Fig. 4
figure4

Cluster map for breast cancer in Peruvian women between 2003 and 2017. Map created through GEODA version 1.14.0. Available in: https://geodacenter.github.io/index.html

Discussion

We report the mortality rates of breast cancer over 15 years, with their trends using joinpoint regression models, and spatial analysis for Peru and its geographical areas. Our study showed stable trend in breast cancer mortality in Peru over the last two decades, but with differences across its regions. The coastal region showed the highest mortality rates in the analysed period, whereas the highlands region, despite having the lowest rates, experienced an upward trend.

The mortality rates increased during the first years of the study, probably due to an improvement in diagnosis and certification of deaths in various provinces of Peru [19]. In addition, in some provinces, the rates were so low that they likely represent underreporting of mortality. However, it is plausible that data quality has increased in last years [19].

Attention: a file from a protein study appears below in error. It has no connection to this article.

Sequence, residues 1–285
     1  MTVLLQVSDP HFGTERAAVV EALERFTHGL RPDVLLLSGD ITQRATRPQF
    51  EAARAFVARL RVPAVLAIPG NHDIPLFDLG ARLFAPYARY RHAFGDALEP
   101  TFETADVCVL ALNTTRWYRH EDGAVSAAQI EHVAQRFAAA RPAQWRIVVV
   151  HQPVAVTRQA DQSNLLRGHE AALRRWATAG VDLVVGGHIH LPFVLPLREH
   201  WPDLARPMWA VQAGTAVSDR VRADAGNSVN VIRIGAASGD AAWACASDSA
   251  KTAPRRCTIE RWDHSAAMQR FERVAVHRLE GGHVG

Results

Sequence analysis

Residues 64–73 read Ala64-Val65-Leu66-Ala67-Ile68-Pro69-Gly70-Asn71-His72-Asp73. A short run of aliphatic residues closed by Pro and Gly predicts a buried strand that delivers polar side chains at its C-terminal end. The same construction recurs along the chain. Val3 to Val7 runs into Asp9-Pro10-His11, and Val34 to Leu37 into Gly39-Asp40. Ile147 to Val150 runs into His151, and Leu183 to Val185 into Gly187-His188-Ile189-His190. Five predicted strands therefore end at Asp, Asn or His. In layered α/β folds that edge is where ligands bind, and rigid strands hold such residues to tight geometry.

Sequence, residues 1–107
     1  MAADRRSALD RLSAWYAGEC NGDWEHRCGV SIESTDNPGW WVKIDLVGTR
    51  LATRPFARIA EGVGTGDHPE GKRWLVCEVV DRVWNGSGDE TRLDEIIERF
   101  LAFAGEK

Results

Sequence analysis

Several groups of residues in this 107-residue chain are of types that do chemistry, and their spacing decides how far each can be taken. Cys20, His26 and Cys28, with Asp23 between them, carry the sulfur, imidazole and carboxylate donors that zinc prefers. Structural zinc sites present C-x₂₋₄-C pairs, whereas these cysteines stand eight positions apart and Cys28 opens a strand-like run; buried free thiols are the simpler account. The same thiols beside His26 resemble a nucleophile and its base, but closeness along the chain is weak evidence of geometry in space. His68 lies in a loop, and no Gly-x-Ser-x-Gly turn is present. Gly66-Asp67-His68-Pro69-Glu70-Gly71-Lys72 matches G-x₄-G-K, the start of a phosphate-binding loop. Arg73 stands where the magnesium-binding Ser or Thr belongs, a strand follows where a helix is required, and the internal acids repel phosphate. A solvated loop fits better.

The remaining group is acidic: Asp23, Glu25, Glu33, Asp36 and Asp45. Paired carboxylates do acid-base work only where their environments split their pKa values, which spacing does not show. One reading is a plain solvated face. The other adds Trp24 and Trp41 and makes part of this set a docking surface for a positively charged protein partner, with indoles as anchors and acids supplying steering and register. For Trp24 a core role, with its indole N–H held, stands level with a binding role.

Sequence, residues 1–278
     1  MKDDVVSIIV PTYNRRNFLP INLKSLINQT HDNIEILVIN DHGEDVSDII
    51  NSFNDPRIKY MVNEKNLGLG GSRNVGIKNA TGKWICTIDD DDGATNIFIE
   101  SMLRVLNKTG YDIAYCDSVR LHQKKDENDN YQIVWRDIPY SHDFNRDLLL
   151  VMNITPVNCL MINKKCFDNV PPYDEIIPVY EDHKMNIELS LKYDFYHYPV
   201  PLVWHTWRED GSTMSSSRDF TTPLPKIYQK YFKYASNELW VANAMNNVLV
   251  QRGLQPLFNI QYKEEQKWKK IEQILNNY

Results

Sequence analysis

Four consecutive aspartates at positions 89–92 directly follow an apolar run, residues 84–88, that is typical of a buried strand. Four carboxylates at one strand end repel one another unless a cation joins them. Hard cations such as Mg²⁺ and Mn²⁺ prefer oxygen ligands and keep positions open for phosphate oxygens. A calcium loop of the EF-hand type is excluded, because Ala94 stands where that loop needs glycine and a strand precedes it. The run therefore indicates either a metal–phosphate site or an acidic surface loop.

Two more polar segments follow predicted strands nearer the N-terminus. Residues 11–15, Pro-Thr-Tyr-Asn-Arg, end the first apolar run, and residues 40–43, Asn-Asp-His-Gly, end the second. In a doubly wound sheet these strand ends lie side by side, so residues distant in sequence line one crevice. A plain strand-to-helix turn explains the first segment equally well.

Our findings differed from other areas of the world (most countries from Western Europe, North America, or some other Latin American countries) [5, 6, 20]. A study on breast cancer mortality trends and predictions for 2020 in the Americas and Australasia, including 7 Latin American countries [20], reported between 2000 and 2004, the highest mortality rates (per 100,000 women-years) in Argentina (19.75) and Uruguay (21.6), whereas Colombia (9.68) and Mexico (9.03) had the lowest mortality rates, with stables rates, and further expected 10% reduction in the overall rates for 2020. Peru is, therefore, among the countries with the lowest rates in the region.